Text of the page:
## Why does Mathematica claim there is no even prime?

21

3

I wonder if this is a bug, or if I'm misunderstanding something:

Exists[n, EvenQ[n] && PrimeQ[n]] // Resolve
(*
==> False
*)


So if I interpret this result correctly, according to Mathematica there does not exist an even prime. However, if given the number directly, it gives the correct result:

EvenQ[2] && PrimeQ[2]
(*
==> True
*)


So did I find a bug in Mathematica (and if so, is it fixed in the latest version)? Or did I misunderstand Resolve?

24

Note: I am not particularly knowledgable in the field of this question, so what I write below may well be wrong.

I don't know whether or not this should be considered a bug, but to my mind this is an instance of a clash of programming and mathematical functionality. To put it differently, predicates (functions ending with Q) seem to be a wrong match for things like FindInstance or Resolve, because of their evaluation semantics. Functions suitable for mathematical transformations tend to return unevaluated when they don't know what to do, which gives the outer functions a chance to further transform them as expressions. OTOH, predicates will always return False immediately when they can not establish the the condition they check is True.

By using Trace[Exists[n,EvenQ[n]&&PrimeQ[n]]//Resolve, TraceInternal->True], one can see that at some point, both EvenQ and PrimeQ evaluate to False, and this is the reason for the result. Moreover, even a simpler request

Exists[n,EvenQ[n]]//Resolve
(*
-->  False
*)


However, this will work:

FindInstance[IntegerPart[n/2]*2==n && n>1 &&n<4 ,n,Integers]

(*
--> {{n->2}}
*)


I wasn't able to make the original request work (I tried using Divisors, but no luck). But my point is that recasting the condition as a set of equations and/or inequalities may increase the chances of success here, because their evaluation semantics is that of the mathematical rather than programming functionality. The borderline seems to be quite blurred, but I think it is there.

Note that e.g. FindInstance[EvenQ[n] && n > 10, n, Integers] yields {}. One can carefully say as you did "an instance of a clash of programming and mathematical functionality", but basically that is an incorrect result, so a proper term for this kind of issue is a bug. – Artes – 2012-01-24T14:01:59.527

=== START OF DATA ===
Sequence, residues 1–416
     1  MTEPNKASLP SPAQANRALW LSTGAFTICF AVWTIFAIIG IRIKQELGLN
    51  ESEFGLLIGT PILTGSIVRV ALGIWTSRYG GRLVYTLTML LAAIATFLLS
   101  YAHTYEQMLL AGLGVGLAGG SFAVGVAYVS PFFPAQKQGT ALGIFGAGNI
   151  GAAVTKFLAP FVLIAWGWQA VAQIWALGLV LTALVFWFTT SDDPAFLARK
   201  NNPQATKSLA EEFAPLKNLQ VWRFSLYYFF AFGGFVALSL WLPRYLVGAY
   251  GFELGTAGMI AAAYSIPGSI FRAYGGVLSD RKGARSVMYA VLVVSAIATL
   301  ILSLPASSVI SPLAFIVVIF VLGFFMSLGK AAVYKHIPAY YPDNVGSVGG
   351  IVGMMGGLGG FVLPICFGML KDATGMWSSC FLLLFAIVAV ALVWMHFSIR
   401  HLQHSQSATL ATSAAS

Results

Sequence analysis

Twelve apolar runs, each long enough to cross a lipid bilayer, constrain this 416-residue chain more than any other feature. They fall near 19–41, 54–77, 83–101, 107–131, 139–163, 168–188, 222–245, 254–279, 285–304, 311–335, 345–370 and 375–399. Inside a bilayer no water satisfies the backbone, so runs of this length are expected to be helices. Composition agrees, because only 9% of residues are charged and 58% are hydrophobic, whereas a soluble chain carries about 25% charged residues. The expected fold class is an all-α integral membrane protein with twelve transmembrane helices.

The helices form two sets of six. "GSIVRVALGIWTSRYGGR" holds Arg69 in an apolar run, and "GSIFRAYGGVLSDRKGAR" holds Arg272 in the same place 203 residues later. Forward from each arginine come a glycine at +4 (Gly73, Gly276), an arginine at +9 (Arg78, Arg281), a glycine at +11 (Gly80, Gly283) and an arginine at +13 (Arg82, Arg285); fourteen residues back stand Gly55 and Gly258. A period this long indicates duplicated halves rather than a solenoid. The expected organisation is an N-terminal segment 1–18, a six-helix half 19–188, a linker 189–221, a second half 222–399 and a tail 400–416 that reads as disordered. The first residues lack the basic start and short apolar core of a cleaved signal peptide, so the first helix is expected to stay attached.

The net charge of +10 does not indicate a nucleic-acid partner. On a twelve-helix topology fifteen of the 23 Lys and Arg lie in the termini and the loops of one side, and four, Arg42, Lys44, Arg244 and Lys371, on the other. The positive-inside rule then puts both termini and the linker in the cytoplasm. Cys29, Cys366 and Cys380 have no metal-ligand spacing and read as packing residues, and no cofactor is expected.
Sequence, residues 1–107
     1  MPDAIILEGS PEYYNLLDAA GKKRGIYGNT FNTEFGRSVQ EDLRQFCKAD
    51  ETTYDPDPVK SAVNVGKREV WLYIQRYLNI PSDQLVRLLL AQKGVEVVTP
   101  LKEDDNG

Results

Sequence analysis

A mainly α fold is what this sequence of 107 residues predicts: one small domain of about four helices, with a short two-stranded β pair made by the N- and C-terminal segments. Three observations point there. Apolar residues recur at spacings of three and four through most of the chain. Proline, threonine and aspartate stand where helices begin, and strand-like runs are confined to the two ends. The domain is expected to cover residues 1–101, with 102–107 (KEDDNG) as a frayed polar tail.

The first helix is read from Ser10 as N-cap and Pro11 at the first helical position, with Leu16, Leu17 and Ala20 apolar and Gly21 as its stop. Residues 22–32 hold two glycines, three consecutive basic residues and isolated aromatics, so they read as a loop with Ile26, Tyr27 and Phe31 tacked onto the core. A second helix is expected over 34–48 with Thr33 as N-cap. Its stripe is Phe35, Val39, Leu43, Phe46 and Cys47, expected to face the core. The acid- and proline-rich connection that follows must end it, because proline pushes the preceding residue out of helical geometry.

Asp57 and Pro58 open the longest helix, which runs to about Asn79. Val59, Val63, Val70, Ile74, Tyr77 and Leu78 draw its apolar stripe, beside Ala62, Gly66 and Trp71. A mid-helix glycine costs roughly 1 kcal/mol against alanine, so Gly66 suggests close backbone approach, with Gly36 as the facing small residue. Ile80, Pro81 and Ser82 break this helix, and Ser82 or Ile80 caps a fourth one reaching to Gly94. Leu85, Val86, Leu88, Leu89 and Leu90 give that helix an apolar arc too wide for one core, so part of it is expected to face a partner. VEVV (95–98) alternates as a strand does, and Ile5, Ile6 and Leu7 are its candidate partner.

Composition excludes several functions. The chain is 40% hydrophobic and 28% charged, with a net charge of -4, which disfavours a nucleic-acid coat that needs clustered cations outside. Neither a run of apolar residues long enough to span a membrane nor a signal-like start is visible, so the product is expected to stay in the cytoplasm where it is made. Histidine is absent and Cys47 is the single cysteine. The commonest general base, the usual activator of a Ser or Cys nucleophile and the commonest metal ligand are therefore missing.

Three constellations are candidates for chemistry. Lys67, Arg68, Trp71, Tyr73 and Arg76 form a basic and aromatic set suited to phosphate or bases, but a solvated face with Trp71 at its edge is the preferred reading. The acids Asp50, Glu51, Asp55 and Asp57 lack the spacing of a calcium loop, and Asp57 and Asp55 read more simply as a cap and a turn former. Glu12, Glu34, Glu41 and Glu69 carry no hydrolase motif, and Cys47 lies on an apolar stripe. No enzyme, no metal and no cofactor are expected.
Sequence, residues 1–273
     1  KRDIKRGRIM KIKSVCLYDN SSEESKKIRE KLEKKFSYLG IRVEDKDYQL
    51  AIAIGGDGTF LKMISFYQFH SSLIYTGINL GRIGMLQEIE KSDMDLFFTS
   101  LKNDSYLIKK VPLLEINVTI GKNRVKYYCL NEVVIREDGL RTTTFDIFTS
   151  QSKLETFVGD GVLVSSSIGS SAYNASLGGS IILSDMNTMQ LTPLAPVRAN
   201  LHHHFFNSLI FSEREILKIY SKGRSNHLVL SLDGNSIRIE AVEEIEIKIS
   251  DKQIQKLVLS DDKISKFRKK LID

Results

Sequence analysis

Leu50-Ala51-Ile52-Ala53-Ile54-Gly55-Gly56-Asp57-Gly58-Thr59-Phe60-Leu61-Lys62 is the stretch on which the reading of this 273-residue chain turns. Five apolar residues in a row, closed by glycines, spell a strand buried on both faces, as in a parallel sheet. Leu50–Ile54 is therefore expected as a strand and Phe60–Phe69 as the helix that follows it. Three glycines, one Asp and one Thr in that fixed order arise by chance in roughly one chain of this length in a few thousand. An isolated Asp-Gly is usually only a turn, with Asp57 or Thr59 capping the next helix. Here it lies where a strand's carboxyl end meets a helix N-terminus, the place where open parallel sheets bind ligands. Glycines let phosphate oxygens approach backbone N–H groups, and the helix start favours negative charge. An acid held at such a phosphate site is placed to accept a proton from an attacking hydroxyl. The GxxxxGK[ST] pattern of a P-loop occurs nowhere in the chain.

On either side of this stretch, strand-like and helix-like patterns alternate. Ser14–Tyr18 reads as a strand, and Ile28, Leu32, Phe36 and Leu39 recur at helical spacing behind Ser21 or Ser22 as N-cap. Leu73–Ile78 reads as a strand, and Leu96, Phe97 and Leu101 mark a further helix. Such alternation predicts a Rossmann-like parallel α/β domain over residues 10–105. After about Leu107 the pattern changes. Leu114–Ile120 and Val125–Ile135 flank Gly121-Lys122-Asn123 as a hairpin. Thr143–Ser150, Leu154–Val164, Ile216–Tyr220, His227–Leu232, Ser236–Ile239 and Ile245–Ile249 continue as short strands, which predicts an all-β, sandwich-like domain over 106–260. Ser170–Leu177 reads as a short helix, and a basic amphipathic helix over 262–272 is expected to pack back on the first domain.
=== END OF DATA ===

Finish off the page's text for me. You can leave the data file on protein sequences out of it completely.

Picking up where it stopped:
Or maybe just that Exists[n, n^2 == 9 && OddQ[n]] // Resolve returns False if we cannot expect for too much from FindInstance – Artes – 2012-01-24T14:08:18.050

4@Artes I disagree. I think this is not an incorrect result, it is an incorrect usage. One should not use predicates for algebraic manipulations and the like. I think I formulated my view on this pretty clearly. I'd agree that the documentation could be more clear about this though. – Leonid Shifrin – 2012-01-24T15:26:24.973

@Mr.Wizard lol :) – Leonid Shifrin – 2012-01-24T16:00:43.160

4@Artes I think considering this a bug is similar to considering this Replace[z^4, z^2 -> x] not returning x^2 a bug (although the two situations are not equivalent). The documentation says that EvenQ "gives True if expr is an even integer, and False otherwise." (and this is elaborated in "More information": it must have head Integer and be even). So it's actually doing exactly what it's claimed to do. – acl – 2012-01-24T16:57:56.730

Thanks. I wasn't aware that functions like EvenQ and PrimeQ have this always-evaluate semantics (and frankly, I cannot think of an instance where I'd need the semantics of PrimeQ). – celtschk – 2012-01-24T17:24:08.953

@acl Ok, I corrected the statement. But these situations are far far not equivalent. When Exists[n, EvenQ[n] && PrimeQ[n]] yields False this is clearly misleading and the system does return neither warning nor error. – Artes – 2012-01-24T17:36:38.870